Little is known about the life of Cockacoeske before she succeeded her husband, Totopotomoy, chief of the Pamunkey from about 1649 until he was killed in 1656 while assisting the colonists in frontier defense against Indian foes. She was usually referred to as the queen of Pamunkey. By the time Cockacoeske commenced her rule, the ancient Powhatan chiefdom had disintegrated, and theof Virginia’s coastal plain were no longer subordinate to a paramount leader. The Pamunkey, like other native subscribers to the Treaty of 1646, were tributaries to the English Crown.
Early in the summer of 1676 Cockacoeske appeared before a committee of burgesses and Council members in Jamestown. She entered the room with regal bearing, flanked by her interpreter and by her son John West, whose father was an English colonel. The queen’s head was crowned with a broad woven band of beaded black and white wampum and peake shells, and she wore a full-length deerskin mantle with edges cut to resemble deep, twisted fringe. With “grave Courtlike Gestures and a Majestick Air,” she took a seat at the Council table and refused to speak except through her interpreter, even though the committee members believed that she understood English. When asked how many warriors she could provide to defend the colony against frontier tribes, Cockacoeske disdainfully fell silent. Pressed further, she became agitated and delivered a quarter-hour speech during which she cried out, “Tatapatamoi Chepiack,” meaning, “Totopotomoy is dead,” to remind the committee members that her husband and a hundred of his warriors had perished while fighting alongside the colonists and that the Pamunkey had never received any compensation for their loss. Reluctantly, she eventually agreed to provide a dozen men, a small fraction of the number under her command. Conflict and disease had reduced the Native American population since 1607, but the number of Pamunkey warriors was then probably about 150.
Although the Pamunkey signed a treaty with the colony in March 1676, a few months before the outbreak of Bacon’s Rebellion, the insurrection’s leader, Nathaniel Bacon (1647–1676), and his followers attacked them, took captives and plunder, and killed some of Cockacoeske’s people. To save her own life, the queen abandoned her goods and possessions, including bags of wampum, peake, and roanoke, and retreated to the depths of the Dragon Swamp, where she nearly starved to death. The following February, Cockacoeske asked the General Assembly for the release of Pamunkey who had been taken captive and for the restoration of Pamunkey property. The burgesses were unresponsive, but the royal commissioners whom the king had sent to quell the rebellion and investigate its origins concluded that Cockacoeske should be rewarded for her notable loyalty to the English. At their suggestion, authorities in England ordered that a jeweled coronet, other jewelry, and a suit of regal attire be presented to the queen of Pamunkey, her son, and her interpreter.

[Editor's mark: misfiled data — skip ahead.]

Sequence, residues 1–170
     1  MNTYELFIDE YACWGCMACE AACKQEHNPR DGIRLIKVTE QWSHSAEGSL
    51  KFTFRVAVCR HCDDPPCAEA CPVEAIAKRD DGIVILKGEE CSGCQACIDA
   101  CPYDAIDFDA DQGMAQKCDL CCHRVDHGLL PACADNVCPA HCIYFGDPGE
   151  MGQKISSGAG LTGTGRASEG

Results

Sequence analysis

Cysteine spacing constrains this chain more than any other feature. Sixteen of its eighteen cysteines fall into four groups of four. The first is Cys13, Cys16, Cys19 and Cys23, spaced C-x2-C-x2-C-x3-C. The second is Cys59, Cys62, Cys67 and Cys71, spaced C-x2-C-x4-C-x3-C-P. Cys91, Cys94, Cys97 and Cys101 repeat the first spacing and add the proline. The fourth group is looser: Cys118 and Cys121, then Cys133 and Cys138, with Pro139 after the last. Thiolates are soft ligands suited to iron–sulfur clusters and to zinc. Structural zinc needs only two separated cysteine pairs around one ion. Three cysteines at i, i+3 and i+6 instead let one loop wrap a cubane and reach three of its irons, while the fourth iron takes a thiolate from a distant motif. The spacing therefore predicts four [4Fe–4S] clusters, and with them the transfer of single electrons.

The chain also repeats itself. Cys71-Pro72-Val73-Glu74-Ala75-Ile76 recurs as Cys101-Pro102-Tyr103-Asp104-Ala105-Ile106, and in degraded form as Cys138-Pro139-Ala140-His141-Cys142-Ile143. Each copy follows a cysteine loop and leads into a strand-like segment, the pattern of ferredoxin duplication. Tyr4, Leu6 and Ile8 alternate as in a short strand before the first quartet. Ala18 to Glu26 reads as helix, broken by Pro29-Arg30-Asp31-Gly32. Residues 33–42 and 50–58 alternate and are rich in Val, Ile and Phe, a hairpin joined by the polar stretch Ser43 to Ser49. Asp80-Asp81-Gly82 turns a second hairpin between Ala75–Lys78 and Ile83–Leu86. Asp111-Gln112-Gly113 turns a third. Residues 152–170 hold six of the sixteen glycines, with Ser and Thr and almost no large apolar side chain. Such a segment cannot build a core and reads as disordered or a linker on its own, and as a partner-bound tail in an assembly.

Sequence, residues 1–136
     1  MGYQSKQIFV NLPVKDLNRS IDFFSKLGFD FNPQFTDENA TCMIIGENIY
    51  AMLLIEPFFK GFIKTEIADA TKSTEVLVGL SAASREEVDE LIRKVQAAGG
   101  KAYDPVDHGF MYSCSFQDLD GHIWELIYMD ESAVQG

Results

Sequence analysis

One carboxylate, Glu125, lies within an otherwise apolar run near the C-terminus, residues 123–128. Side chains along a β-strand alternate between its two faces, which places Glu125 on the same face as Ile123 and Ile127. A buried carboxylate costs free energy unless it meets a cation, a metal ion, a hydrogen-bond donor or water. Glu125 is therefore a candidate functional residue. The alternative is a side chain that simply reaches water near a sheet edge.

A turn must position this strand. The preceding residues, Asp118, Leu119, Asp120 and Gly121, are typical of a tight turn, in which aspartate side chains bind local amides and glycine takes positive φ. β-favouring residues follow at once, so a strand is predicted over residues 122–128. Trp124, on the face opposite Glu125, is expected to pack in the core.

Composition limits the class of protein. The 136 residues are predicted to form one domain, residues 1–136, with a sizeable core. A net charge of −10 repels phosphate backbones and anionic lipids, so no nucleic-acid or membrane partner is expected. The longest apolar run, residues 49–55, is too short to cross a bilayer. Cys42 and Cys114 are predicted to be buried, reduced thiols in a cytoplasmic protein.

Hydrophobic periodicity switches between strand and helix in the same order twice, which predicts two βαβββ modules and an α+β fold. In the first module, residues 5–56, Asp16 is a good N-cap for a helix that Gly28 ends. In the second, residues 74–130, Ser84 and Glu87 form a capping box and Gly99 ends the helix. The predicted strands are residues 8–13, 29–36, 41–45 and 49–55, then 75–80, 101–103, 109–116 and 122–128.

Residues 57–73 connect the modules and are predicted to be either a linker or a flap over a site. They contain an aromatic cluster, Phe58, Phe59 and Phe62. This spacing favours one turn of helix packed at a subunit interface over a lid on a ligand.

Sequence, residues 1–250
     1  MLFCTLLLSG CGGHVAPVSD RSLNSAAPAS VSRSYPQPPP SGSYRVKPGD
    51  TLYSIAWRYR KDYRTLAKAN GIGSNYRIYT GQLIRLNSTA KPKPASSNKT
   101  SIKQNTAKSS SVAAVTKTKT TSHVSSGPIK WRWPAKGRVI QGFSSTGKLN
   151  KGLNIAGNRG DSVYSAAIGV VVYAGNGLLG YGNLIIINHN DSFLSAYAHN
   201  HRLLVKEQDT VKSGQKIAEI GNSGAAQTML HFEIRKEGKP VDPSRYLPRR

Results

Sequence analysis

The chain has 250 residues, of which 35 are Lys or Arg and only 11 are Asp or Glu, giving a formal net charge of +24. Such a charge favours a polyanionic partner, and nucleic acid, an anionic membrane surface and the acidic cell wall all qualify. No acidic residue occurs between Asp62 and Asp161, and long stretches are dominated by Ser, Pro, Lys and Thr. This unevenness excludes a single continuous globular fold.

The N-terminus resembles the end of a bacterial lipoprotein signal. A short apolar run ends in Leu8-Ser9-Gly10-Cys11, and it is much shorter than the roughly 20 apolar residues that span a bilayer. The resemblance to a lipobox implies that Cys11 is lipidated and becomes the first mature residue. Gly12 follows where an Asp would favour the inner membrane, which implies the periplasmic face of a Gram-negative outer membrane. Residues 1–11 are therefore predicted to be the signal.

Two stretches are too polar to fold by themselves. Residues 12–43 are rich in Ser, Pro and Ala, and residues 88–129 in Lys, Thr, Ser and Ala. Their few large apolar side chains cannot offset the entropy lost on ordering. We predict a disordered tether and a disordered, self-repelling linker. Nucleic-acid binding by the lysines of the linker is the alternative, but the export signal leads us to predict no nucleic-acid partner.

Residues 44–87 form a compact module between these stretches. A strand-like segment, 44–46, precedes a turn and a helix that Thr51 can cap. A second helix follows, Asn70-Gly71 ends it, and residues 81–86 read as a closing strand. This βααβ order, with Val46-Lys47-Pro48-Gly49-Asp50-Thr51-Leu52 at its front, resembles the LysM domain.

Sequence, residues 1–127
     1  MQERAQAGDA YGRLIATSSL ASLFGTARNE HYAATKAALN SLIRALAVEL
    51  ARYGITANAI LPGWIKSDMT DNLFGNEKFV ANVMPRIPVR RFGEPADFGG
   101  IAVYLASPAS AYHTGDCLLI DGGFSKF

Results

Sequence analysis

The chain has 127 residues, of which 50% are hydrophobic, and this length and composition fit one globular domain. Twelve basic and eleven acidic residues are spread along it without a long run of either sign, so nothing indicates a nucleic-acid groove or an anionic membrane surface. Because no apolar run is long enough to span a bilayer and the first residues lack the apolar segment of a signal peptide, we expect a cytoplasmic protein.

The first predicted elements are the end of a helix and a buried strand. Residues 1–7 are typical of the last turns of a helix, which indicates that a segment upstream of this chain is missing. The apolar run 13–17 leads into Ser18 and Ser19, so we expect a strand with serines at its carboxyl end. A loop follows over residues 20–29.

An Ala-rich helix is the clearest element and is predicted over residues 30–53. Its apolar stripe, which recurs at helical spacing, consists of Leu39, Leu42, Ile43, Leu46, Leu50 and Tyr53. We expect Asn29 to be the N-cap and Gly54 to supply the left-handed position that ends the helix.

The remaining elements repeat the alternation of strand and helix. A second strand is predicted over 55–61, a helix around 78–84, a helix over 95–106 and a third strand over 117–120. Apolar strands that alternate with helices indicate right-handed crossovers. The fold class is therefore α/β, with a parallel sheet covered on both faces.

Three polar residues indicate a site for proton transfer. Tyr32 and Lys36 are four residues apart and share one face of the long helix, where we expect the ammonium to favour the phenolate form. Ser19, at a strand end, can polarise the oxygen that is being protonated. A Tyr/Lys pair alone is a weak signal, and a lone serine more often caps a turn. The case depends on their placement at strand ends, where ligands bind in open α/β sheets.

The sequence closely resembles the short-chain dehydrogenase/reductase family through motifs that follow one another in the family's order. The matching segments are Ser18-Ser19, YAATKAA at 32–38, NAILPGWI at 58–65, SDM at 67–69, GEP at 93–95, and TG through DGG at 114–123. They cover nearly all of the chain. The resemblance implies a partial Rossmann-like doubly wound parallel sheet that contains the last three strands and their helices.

Cockacoeske was an astute leader and skillful politician. On May 29, 1677, when the Treaty of Middle Plantation was signed, at her request several tribes were reunited under her authority, and she signed the treaty on behalf of all the tribes under her subjection. Afterward, theand , having been free of Powhatan domination since 1646, stubbornly refused to become subservient to her or to pay tribute, and in the summer of 1678 Cockacoeske directed her interpreter Cornelius Dabney to compile a list of grievances, which she sent to the governor. She also had him dispatch to England a letter in which she professed her loyalty to the Crown and complained about the tribes that disobeyed her orders. The letter, signed “Cockacoeske Queen of Pamunkey,” included her signature mark, the same W-like symbol that she had affixed to the Treaty of Middle Plantation.
Cockacoeske was unsuccessful in re-creating the chiefly dominance enjoyed by her people’s leaders during the first half of the seventeenth century, but she continued to rule the Pamunkey until her death. Cockacoeske, the queen of Pamunkey, died on an unrecorded date before July 1, 1686, when her interpreter George Smith reported to the governor’s Council that she was “lately dead.” She was succeeded by a niece, as was customary in the matrilineal society. Whether the niece, called Betty, was the predecessor of or the same person as, who was queen of the Pamunkey by 1706, is not known.